"The shooting in the Aurora movie theater is a national tragedy, and the victims of this cruel and violent act are in my thoughts," Senate Majority Leader Harry Reid said in a statement Friday. "Innocent people suffered a heartbreaking loss, but the victims and their families are not alone. Today, Americans take time to reflect on the value of life and the things that are most important to us, and mourn for those who lost what is most important to them. Everyone affected by this violent act will be in our hearts today, and for a long time to come."
"The horrific nightmare of a mass shooting on innocent civilians in a crowded public place has, sadly, come true once again," said Rep. Carolyn McCarthy (D-N.Y.), whose family was affected by a mass shooting on the Long Island Railroad before she was elected to Congress, in a statement Friday. "I mourn alongside the people of Aurora for the many killed and injured and the countless family and friends whose lives, as a result of the consequences of this event, will be negatively affected for decades to come. The shooter should be brought to justice and prosecuted to the fullest extent of the law. But we as a nation should also not continue to ignore avenues to prevent tragedies like this from happening in the future."
Senator Dick Durbin
"This is a terrible tragedy for the families of the victims, the city of Aurora and our entire nation," Democratic candidate for U.S. Senate in Massachusetts Elizabeth Warren said in a statement Friday. "This senseless violence has no place in our society. As a mother and grandmother, I am truly saddened that so many of the victims were so young. Bruce and I send our thoughts and prayers to the victims and their loved ones."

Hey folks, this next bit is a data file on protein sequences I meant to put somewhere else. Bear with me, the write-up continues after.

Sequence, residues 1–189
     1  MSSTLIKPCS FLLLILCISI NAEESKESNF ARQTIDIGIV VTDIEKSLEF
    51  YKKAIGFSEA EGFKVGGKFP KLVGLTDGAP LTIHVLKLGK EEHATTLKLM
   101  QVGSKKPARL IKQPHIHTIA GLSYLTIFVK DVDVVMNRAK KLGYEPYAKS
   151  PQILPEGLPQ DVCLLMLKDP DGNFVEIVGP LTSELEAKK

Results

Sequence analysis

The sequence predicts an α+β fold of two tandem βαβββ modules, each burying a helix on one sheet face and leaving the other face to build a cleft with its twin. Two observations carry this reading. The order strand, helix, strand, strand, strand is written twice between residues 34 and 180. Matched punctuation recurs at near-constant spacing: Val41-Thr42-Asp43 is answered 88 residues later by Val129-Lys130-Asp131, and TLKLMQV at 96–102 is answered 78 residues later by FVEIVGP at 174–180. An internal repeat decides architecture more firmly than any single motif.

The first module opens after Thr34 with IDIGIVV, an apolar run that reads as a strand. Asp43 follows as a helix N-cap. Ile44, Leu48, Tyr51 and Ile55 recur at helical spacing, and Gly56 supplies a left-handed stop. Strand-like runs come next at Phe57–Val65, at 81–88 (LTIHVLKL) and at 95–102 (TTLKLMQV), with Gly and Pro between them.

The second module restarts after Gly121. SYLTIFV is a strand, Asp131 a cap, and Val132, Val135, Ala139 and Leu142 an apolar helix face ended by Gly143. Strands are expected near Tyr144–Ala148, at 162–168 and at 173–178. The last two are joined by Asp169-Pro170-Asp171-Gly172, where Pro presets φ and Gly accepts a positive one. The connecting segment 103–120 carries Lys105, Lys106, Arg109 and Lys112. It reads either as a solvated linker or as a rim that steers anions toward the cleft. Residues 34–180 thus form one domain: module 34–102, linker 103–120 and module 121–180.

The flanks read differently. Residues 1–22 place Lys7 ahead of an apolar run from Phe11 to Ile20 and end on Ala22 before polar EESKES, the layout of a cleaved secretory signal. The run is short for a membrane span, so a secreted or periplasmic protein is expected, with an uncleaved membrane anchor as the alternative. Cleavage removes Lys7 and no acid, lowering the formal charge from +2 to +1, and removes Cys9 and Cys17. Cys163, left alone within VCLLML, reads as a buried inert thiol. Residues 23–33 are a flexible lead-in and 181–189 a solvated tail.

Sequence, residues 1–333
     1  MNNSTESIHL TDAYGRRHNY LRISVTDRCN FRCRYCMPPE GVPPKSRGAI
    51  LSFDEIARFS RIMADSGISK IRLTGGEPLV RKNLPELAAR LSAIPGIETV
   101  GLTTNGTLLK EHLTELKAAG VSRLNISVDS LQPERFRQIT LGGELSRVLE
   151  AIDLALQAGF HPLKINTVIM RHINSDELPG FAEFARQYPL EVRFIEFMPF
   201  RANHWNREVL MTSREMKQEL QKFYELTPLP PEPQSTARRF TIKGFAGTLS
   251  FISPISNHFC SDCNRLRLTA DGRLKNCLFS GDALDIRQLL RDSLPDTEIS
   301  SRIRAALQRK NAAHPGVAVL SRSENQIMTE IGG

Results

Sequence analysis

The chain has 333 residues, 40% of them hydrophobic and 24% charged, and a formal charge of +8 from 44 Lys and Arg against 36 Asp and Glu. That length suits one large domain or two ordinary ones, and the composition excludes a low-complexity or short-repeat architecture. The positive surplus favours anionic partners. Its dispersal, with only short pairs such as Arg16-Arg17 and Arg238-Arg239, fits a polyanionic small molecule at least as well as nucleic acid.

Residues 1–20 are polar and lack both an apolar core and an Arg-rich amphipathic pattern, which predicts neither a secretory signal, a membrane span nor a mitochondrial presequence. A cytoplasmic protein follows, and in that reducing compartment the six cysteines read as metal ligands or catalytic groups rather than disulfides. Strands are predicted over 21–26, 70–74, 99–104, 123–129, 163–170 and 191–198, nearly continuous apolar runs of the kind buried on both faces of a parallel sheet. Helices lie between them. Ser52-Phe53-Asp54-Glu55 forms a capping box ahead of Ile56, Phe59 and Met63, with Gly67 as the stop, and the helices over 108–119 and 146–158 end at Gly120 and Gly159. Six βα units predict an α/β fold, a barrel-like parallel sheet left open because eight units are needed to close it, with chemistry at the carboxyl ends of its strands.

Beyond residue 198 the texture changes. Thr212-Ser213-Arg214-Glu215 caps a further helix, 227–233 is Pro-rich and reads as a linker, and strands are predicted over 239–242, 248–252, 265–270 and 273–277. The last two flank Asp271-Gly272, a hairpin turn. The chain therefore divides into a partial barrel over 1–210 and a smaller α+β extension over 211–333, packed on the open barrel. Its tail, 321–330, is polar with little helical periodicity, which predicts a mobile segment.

"The shooting in Aurora is a senseless tragedy and a despicable act," said Libertarian Party presidential candidate and former New Mexico Gov. Gary Johnson in a statement Friday. "Our thoughts go out to the victims, their families, and to the entire community as they deal with the shock and grief today brings. "
"Jill and I were shocked to learn of the tragedy in Aurora, Colorado this morning," Vice President Joe Biden said in a statement Friday. "The reason this is so deeply felt by all Americans is that, but for the grace of God, the victims could have been any one of our children, in any one of our towns. It is every parent's worst nightmare to receive 'that phone call' and to sit by their child's bedside, praying. We know what it's like to wait and wonder and the helplessness a parent feels at this moment. Our hearts go out to each and every person who is suffering right now as a result of this terrible event. The prayers of an entire nation are with the victims and their families. We stand with the city of Aurora and the state of Colorado in mourning."
Gov. Buddy Roemer
"Todd's and my thoughts and prayers go out to the victims of the terrible tragedy in Colorado," Sarah Palin said Friday in a statement on Facebook. "Our family joins others in praying for everyone affected by the evil that inexplicably took innocent lives. We wish to remind all to hold loved ones tight."